How long would it take to deflate the Earth's atmosphere out into space?

My roommate and I were in a heated debate that lead us to read your post about the ability to survive the end of Portal 2. However, our question is slightly different. Suppose the same kind of portal was created on Earth’s surface to the Moon’s, how long would it take for the Earth’s air supply to be released through the portal into space?
At higher and higher altitudes, the Earth's atmosphere becomes so thin that it essentially ceases to exist. Gradually, the atmospheric halo fades into the blackness of space. This astronaut photograph captured on July 20, 2006, shows a nearly translucent moon emerging from behind the halo. Image credit:  NASA

At higher and higher altitudes, the Earth's atmosphere becomes so thin that it essentially ceases to exist. Gradually, the atmospheric halo fades into the blackness of space. This astronaut photograph captured on July 20, 2006, shows a nearly translucent moon emerging from behind the halo. Image credit: NASA

If any of you haven’t seen the previous Portal 2 post, I’d recommend having a look at it here, because I’m going to pull some numbers from it. I’m also going to make some slightly unphysical assumptions, but the results of those assumptions is that we’re going to calculate a lower limit to the amount of time it would take to bleed the atmosphere dry. In a world where portals actually worked, it would almost definitely take longer, for reasons we’ll go over later.

Our scenario is thus: we have opened a portal between the surface of the Earth and the Moon, as in the end of Portal 2. Effectively, we’re opening a window between the surface of the Earth and a pretty hard vacuum. The dramatic pressure difference here produces a tremendous, faster than the speed of sound, wind, as we worked out in that previous post. Presumably, if you left that portal open for a long time, you would reduce the amount of atmosphere left on the Earth. In the game, this portal is only open for about 30 seconds, but what if we left it permanently open?

The first thing I’m going to assume is that the whole atmosphere of the Earth is entirely at the same pressure (which it is not). Down at the surface where we humans live, the atmosphere is pretty compressed, and so we have an ambient atmospheric pressure of 1 atmosphere. (Yep. That’s the unit.) 1 atmosphere is equivalent to about 14.7 pounds per square inch, or psi. However, the further up away from the surface you go, the more diffuse the atmosphere gets, and both the density of atoms and the atmospheric pressure drops. If the density of the atmosphere drops, the wind speed through our window will also drop, because it’s the difference in pressure on the two sides of our window that drives the wind speed. By assuming that I can compress down the upper layers of the atmosphere so that the air on Earth is at a constant 14.7 psi, then the wind speed will stay at its fastest, and bleed the atmosphere out into Moon space as fast as possible.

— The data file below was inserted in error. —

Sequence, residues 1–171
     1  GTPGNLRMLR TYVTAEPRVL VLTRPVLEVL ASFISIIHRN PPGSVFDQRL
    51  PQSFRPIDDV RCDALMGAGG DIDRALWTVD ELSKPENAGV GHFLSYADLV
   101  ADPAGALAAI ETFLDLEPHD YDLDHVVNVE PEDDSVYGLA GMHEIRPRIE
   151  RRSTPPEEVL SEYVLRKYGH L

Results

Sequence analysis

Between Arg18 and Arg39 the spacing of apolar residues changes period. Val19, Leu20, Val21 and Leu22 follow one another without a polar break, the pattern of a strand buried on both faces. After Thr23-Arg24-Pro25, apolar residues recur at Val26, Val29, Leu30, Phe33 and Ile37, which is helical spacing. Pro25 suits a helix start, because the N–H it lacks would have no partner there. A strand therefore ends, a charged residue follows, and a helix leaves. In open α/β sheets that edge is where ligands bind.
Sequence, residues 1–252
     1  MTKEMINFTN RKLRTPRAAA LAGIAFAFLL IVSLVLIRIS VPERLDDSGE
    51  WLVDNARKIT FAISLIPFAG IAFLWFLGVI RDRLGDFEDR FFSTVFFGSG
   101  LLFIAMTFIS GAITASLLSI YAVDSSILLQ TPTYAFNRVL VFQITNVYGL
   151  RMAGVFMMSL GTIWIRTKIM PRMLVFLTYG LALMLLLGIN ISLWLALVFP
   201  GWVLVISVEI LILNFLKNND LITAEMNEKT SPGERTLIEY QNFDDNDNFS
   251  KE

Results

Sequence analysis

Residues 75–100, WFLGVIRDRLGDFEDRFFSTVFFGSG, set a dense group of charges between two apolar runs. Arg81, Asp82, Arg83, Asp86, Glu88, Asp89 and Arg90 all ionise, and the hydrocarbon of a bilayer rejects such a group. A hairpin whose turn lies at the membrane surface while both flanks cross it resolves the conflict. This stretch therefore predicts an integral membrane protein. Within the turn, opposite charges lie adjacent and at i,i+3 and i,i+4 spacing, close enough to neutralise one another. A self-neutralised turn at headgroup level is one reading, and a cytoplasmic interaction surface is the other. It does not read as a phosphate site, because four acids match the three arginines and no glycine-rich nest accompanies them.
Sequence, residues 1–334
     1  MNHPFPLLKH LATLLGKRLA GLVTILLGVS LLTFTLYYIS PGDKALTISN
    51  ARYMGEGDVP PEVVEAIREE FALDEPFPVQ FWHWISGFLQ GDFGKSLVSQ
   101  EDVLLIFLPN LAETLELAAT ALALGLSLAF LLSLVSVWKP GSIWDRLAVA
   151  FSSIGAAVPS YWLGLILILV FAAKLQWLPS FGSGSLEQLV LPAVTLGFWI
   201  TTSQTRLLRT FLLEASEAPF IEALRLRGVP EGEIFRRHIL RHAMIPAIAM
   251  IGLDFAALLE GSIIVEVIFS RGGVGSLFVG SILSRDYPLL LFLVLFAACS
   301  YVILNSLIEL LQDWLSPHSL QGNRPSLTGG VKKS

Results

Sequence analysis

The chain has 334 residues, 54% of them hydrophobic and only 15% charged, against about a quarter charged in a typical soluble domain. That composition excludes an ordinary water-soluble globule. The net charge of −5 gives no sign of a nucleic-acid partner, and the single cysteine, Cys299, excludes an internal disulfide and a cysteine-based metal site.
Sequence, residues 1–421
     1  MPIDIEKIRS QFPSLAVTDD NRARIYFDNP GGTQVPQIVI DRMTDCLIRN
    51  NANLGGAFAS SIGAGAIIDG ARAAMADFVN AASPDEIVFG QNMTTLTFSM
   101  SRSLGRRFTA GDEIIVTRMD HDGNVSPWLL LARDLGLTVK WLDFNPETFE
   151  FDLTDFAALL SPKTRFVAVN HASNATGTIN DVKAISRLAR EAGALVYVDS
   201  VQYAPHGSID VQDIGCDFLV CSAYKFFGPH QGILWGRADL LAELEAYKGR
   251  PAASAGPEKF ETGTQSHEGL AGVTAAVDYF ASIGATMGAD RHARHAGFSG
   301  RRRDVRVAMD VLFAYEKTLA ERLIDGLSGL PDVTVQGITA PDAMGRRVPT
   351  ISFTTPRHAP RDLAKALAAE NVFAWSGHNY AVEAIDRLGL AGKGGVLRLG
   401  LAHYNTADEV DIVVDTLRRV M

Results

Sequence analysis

A setting, waning crescent moon amid the thin line of Earth's atmosphere. Image credit:  NASA

A setting, waning crescent moon amid the thin line of Earth's atmosphere. Image credit: NASA

If you compress the atmosphere down, it would fit in a sphere 1999 km across, which then has a volume of 4.19 x 10^18 cubic meters. a big number. How fast can we drop it to zero?

I will have a reasonable guess that the portal itself is about five feet tall by three feet wide - it seems a bit shorter than Chell in game, and wide enough for her to fit through. If we assume that it’s rectangular instead of an oval, the math is nicer, so I’m going to square up the portal dimensions at about 1.5 meters high by 1 meter wide. This gives a portal area of 1.5 square meters. This is key, because with the area of the window, and the wind speed, we can figure out the volume of air lost every second. At 411 meters per second, our speed from the older post, that means that after one second, a bit of air will have traveled 411 meters.

Every second, we’re going to lose about 617 cubic meters of high pressure Earth atmosphere into the space surrounding the Moon. We know how much we have to lose, so from here we can sort out how many seconds it would take to get the total volume of the Earth’s atmosphere out through our portal. As you can probably guess by the 18 zeros following the total volume of the Earth’s atmosphere, it’s going to be a lot of seconds.  In fact, it’s so many seconds that seconds are not a useful unit even a little bit. Converting into years is a little better.

It would take 215 million years.

Most ISS images are nadir, in which the center point of the image is directly beneath the lens of the camera, but this one is not. This highly oblique image of northwestern African captures the curvature of the Earth and shows its atmosphere. Image credit:  NASA/JPL/UCSD/JSC

Most ISS images are nadir, in which the center point of the image is directly beneath the lens of the camera, but this one is not. This highly oblique image of northwestern African captures the curvature of the Earth and shows its atmosphere. Image credit: NASA/JPL/UCSD/JSC